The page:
Gilbert needed someone to build sample structures using the set and write instructions on how to build them. He took the job and spent years working on new designs and instruction books. The first Christmas after he began work for Gilbert, the giant New York City department stores, Macy’s and Gimbel’s, wanted sample structures to help sell the toys. My patient built a huge suspension bridge for one store, that crossed over the cash registers, which in those days were arranged like the check-out lines in today’s supermarkets. The bridge was over 20 feet long. As soon as the other store saw his bridge, they wanted one just like it. He built another and the toy’s popularity took off. For years, he worked for Gilbert although, when I knew him, he had been retired to San Clemente for years.
He and his wife were in good health with the exception of this stricture that was so tight that he could only swallow liquids. It was a consequence of esophageal reflux and the scarring that chronic reflux produces. He was very lucky that it had not developed a cancer. He subsisted on apple sauce and other pureed food that would not pass through the stricture until he jumped up and down while standing against the wall. Every few mouthfuls, he had to stand up and jump until the food went down. He had been told he was too old to have it fixed, or even dilated, and his only option was some sort of feeding tube. Needless to say, he was skinny and the operation seemed to be feasible to me. Larry Mathis, a long time GP surgeon in San Clemente was his GP and Larry and I decided to try to fix his stricture. At surgery, his esophagus, just above the stomach where most benign strictures occur, was so tight that it split when I tried to dilate it from below with my finger. There is a procedure called a Thal Patch(pdf). It is used to close esophageal perforations such as traumatic tears and ruptures, like the Boerhaave’s Syndrome. In this case, I had created the hole in the esophagus by tearing open the stricture. I made a Thal patch from his stomach and closed the hole without recreating the narrow section. The surgery worked and he recovered very well. He hadn’t been able to eat solids in over five years. As a reward, he told me his story.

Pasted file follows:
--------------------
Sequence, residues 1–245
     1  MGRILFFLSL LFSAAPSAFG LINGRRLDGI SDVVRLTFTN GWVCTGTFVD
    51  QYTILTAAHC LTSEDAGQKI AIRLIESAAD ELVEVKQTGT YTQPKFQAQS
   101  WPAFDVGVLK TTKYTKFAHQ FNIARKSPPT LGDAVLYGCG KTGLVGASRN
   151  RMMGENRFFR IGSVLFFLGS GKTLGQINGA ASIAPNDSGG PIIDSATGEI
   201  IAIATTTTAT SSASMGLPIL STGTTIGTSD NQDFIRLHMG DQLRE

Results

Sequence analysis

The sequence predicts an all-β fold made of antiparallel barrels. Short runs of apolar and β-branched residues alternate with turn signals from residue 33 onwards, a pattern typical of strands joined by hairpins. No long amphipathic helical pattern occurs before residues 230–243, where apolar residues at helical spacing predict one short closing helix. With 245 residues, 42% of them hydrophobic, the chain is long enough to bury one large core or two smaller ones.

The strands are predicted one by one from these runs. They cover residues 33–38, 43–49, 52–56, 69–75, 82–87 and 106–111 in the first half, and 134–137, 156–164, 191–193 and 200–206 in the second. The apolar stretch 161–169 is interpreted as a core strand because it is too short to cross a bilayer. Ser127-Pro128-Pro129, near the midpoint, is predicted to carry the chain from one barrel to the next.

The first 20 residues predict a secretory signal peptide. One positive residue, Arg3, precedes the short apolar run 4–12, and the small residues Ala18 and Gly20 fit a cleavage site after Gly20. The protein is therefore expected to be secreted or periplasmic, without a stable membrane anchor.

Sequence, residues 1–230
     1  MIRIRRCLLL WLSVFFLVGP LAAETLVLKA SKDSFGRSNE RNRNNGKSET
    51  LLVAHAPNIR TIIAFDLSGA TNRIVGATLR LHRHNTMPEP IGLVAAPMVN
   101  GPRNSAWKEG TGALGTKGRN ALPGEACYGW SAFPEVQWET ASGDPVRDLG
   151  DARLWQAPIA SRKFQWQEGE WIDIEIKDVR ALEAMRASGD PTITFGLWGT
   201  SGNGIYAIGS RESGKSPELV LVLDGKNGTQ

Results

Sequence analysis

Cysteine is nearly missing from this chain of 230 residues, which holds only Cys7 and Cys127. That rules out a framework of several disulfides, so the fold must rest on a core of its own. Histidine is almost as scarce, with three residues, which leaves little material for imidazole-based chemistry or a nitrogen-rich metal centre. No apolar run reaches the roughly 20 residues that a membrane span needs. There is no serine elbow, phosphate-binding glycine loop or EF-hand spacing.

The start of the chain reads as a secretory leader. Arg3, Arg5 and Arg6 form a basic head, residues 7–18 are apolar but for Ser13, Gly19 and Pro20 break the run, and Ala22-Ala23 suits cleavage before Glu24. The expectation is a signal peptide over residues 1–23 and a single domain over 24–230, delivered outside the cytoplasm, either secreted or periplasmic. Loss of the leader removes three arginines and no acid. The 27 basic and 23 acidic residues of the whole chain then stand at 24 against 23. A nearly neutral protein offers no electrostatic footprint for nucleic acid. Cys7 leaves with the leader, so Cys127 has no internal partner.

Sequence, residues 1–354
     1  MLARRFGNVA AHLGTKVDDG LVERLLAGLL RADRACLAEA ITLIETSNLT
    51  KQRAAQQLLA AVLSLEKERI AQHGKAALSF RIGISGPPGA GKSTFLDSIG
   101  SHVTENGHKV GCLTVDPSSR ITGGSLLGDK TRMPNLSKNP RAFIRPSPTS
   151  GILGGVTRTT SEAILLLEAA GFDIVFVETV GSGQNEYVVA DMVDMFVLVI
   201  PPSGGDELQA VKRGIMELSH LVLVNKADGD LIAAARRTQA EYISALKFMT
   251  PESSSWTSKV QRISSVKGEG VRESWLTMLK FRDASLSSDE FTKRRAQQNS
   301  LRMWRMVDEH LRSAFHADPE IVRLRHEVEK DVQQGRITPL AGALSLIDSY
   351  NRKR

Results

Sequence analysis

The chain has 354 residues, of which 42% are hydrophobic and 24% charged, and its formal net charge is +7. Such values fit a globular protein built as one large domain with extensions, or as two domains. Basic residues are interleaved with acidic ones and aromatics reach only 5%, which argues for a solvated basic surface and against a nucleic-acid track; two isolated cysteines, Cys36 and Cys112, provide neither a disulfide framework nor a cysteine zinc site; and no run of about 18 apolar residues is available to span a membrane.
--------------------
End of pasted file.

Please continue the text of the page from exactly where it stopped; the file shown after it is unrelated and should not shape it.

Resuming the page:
A few years later, he presented with symptoms of acute cholecystitis but at surgery I found a cancer of the colon next to the gallbladder. About a year later he died of the cancer, having nearly reached the age of 100.
A.C. Gilbert also invented a number of other toys that were Christmas traditions for half a century. They included chemistry sets, physics sets and even a nuclear radioactivity set that included a Geiger counter. I had several of these, including the radioactive set. Those were the days before TV when children played with educational toys and were not so self-conscious about it. Today, the ATF would probably raid the basement of a child who had one of those sets.